Any device that connects to the computer, such as a printer, scanner, monitor, keyboard or mouse.
Chris has two Android phones and after getting an update, he keeps hearing an unfamiliar voice through his headset. Leo says that the headset offers voices from Cortana, Siri or Google Now. The headset uses the voices from his phone, and that's likely what Chris is hearing.
BlueAnt is a great headset because it will talk you through setup and announce the callers. That's what the Voyager Legend does as well. But it's drives Chris crazy. Leo says it's likely coming from the phone and he can turn it off in the settings.
Sam is thinking about getting a keyboard protector. Leo says he doesn't need it, because keyboards are cheap and he could just replace it if something happened to it. Leo also suggests he clean it out, by turning it over and banging out the crumbs, then using a Clorox hand wipe. And if it's really bad, he can put it in the dishwasher. If he does that, he should wait until is completely dry before using it. But he will run the risk of it not working again if he does this.
Paul got an Epson Workforce 3640 and he just can't get it to work. It won't print anything. Leo says to be sure he has the most recent drivers. It could be a broken printer, requiring Paul to return it. Paul should make sure he installs the driver before he plugs in the printer. It could also be a failing USB port.
Nick has heard about a technology that could turn any printer into an internet enabled computer. Leo says that the current state of the art is wireless, and using AirPlay, he can Air Print. But if he doesn't have that capability, then XPrintServer can take a USB printer and turn it into a internet enabled and networked printer. If it's older, then it may or may not work. HP did have a technology called JetDirect which did it.
(Disclaimer: xPrintServer is a sponsor)
This week's gadget is Logitech Keys to Go. A pocket-size Bluetooth keyboard that's great for a tablet or smartphone. It's thin, light and durable. It’s small and light enough to tuck into your purse, briefcase or coat pocket.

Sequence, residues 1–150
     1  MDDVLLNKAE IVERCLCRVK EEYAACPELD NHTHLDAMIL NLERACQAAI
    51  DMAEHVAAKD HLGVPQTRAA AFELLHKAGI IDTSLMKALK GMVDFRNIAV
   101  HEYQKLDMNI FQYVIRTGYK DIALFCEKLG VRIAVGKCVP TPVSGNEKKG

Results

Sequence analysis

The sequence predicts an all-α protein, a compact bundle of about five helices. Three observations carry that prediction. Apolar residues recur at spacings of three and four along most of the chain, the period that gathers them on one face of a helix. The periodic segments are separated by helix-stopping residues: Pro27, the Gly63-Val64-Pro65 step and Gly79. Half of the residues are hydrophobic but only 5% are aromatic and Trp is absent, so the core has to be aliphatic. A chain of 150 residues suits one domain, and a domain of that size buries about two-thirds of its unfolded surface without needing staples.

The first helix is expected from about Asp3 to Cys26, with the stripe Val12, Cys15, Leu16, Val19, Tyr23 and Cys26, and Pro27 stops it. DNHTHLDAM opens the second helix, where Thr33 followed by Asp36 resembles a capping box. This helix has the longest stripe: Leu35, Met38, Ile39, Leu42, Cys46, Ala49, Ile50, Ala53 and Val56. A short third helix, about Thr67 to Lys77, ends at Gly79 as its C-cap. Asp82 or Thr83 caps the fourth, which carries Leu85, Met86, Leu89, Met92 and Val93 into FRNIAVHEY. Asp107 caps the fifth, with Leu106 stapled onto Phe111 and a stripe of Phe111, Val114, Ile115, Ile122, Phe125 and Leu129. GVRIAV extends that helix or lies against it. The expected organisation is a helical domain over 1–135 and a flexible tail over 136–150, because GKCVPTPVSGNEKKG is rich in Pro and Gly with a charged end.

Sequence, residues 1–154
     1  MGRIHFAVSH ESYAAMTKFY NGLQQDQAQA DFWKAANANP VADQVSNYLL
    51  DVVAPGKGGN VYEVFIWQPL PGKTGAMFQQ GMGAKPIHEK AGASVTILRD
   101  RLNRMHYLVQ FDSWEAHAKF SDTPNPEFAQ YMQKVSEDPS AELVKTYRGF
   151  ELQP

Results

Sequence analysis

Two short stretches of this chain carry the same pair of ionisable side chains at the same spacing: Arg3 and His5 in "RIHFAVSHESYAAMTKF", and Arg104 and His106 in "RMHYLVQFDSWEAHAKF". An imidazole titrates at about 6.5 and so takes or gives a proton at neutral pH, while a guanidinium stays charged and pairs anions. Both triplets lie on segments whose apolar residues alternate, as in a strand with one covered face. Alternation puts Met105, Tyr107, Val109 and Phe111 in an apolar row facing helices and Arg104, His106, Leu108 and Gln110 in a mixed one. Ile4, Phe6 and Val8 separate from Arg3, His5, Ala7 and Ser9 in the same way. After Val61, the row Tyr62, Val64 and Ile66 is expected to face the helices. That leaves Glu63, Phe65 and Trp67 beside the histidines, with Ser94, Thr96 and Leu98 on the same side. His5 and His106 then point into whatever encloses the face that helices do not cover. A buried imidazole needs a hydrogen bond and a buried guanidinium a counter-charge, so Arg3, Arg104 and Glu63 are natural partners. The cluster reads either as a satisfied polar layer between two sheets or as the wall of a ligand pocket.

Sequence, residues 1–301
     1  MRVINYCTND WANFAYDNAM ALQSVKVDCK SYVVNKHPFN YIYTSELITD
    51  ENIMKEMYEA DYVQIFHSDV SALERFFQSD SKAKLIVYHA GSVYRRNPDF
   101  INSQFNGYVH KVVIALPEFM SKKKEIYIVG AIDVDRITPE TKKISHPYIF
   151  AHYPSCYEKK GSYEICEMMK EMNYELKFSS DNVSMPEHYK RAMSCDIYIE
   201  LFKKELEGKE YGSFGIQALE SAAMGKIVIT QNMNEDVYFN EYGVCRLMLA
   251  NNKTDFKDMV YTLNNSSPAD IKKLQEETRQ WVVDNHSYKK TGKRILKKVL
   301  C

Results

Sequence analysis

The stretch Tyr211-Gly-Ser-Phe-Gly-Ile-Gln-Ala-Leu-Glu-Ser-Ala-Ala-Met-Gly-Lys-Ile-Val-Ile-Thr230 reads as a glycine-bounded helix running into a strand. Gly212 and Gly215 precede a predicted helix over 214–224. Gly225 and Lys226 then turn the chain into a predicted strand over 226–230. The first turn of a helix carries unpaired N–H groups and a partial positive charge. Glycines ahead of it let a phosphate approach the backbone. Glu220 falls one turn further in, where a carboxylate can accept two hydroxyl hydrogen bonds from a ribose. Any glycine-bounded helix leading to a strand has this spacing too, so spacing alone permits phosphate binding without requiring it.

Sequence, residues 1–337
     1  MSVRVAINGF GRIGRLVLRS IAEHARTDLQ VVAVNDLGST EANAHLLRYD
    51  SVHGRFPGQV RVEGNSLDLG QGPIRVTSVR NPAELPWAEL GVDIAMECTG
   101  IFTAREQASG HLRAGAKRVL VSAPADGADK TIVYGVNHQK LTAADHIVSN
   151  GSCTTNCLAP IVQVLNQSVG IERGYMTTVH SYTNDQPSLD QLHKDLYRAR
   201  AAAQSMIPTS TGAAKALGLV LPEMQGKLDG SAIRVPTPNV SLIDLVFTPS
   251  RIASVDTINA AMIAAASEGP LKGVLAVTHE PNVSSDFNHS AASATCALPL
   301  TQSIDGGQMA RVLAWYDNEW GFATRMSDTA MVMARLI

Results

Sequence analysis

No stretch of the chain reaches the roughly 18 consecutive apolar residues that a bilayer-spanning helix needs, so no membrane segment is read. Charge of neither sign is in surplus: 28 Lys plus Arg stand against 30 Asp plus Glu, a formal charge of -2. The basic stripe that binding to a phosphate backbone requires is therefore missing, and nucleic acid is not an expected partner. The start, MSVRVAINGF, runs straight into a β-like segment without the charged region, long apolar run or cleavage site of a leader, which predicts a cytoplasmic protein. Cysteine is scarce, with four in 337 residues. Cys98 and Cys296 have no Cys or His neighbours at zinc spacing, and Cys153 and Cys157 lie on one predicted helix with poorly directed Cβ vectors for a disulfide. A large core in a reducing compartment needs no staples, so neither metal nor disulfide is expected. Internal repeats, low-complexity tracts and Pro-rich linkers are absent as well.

Glen has several USB thumb drives with files on them. His computer hard drive died, so he replaced it. But now he can't write to the thumbdrives anymore. Leo says that's because technically, they're "owned by another." Windows sees that new account as a new user. He can take ownership of them, but it's not trivial. HowtoGeek has an explanation of how he can do this.
Carlos wants to know if his iPhone can pair to multiple bluetooth devices. Leo says yes! It's been a standard capability for awhile in smartphones now. Leo also recommends over the ear bluetooth headphones.
Motorola makes great wireless headphones, as does LG. The Motorola S10HD are about $40, and they go around the neck and house the batteries for longer battery life. He'll also want headphones that support the high quality stereo profile called 'A2DP.'
Sam has a Logitech Keyboard and he wants to know if the bluetooth signal can be boosted. Leo says he can't because Logitech doesn't use Bluetooth. It uses a proprietary signal. He should just get a Bluetooth keyboard, if his computer supports it. If his computer doesn't support it, he could still buy Bluetooth dongles and add devices that way. Leo suspects that Logitech limits the range of it's capability because of interference and security reasons.
Joshua owns and operates Minecraft servers and he wants to know what the future has in store for online gaming. Leo says that since Microsoft bought Minecraft, it's possible that Microsoft could require Minecraft be run from Azure. But Leo doesn't think there's much cause to worry because the Minecraft culture is very independent. Gamers won't really feel Microsoft's presence in Minecraft for at least a year, but there's not much cause for concern. Since online gaming is social by nature, the future is bright.
Ed has an iPad 4 and he can't print to his Pixma printer. Apple says he can't. Leo says that Apple uses "AirPrint" to print via WiFi, and if the printer doesn't support it, then he'd have to add additional hardware to give it that support. But there may be software that Apple offers for free. Otherwise, Leo recommends xPrintServer. It'll take any USB printer and make it an AirPrint compatible printer.